Ethoca’s Digital Receipts service offers transparency about online purchases to make it easier for people to keep track of what they buy. Customers sometimes don’t recall making a purchase or forgot a family member did. This confusion causes false claim rates of 80 percent or higher, Ethoca said in a statement on Wednesday (April 15).
“Ethoca is thrilled to be working with Microsoft to solve this challenge upstream — in the bank’s mobile app — where consumers have the instant purchase clarity they need to avoid making a false claim,” Keith Briscoe, chief marketing and product officer at Ethoca.
“The only way the industry can solve this growing and costly problem is through industry-wide collaboration between card issuers, merchants and card brands sharing purchase insight in real time through the channels consumers know and trust,” he added.
The growing number of false claim disputes are responsible for the expanding volume of global chargebacks, expected to top 615 million by next year, Mastercard said. It estimates that each dispute costs $15-$70 for both card issuers and merchants.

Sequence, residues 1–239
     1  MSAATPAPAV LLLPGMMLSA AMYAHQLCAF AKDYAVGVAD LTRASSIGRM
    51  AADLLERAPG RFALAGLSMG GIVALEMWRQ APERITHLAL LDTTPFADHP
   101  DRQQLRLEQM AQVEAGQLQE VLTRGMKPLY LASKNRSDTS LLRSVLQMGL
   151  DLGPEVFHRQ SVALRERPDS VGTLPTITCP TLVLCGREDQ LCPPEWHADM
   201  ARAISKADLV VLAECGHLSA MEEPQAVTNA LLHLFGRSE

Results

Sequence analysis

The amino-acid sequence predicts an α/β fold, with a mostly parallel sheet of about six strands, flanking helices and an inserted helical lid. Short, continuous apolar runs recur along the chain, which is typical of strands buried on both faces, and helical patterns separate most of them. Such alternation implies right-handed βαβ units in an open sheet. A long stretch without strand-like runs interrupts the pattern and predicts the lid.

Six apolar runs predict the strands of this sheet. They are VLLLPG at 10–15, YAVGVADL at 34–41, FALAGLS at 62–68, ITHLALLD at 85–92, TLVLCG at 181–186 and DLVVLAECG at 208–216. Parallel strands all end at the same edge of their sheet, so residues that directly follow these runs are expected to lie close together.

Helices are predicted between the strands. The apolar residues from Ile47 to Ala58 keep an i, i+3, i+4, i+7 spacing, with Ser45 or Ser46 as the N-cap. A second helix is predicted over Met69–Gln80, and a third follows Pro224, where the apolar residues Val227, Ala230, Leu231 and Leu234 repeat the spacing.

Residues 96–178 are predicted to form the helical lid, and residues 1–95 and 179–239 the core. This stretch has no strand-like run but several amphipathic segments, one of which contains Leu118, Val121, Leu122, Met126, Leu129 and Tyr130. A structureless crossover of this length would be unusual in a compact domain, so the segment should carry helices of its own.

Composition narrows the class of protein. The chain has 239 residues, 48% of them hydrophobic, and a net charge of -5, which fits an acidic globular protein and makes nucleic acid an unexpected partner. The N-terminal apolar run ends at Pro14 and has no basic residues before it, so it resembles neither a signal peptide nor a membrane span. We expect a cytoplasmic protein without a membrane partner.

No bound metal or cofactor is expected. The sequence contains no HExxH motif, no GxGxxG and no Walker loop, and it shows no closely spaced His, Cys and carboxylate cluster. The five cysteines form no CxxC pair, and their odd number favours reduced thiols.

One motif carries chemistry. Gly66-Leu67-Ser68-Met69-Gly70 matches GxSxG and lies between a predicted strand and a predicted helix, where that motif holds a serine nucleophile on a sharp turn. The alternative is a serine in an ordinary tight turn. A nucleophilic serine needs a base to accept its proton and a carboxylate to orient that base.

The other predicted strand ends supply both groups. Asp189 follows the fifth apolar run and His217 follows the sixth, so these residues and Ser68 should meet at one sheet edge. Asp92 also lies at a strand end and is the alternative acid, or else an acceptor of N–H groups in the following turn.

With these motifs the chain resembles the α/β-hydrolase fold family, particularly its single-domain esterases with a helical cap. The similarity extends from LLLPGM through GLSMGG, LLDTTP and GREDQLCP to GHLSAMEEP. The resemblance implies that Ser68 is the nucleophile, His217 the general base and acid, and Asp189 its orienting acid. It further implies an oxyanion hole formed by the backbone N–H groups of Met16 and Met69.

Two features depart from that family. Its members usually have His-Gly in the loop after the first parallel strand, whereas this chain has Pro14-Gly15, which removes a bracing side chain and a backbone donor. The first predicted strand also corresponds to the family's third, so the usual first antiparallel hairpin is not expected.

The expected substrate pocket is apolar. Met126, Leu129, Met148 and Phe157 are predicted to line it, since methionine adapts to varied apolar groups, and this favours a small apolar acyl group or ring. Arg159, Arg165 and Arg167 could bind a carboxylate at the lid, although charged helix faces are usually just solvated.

People want more information about their purchases, according to a recent Aite Group study commissioned by Ethoca. Some 93 percent of respondents said it would be helpful to have more information about transactions, including a picture of the printed receipt.
Ethoca’s digital receipts solution enables Microsoft and other businesses to provide this purchase information to their customers via the mobile app for the bank that issued the card. Ethoca said that tool is responsible for a 15-30 percent decline in the number of inbound transaction inquiries. The solution is now in place at a top five bank in the U.S. with plans for expansion throughout 2020, both in the U.S. and globally.
“This initiative aligns with Microsoft’s commitment to providing the best customer experience at every occasion, including access to Microsoft’s own Azure-based digital receipt and purchase information. Better information about the transaction at the moment when any doubt arises — typically when the customer is checking the card statement — can be effective for online purchases,” said Stuart Dwyer, payments director at Microsoft.
“It also ties in with Microsoft’s commitment to provide customers with insights on how to prevent fraud by using tools such as spending notifications or spending limits — available, for example, via Xbox family settings. Microsoft is also actively collaborating with the industry to address the broader problem presented by first-party misuse and fraud to enhance the purchase experience for all customers,” he added.
Mastercard acquired Ethoca in March 2019 to identify and resolve fraud in digital commerce and advance online protection. It is being integrated into Mastercard’s suite of fraud management and security products.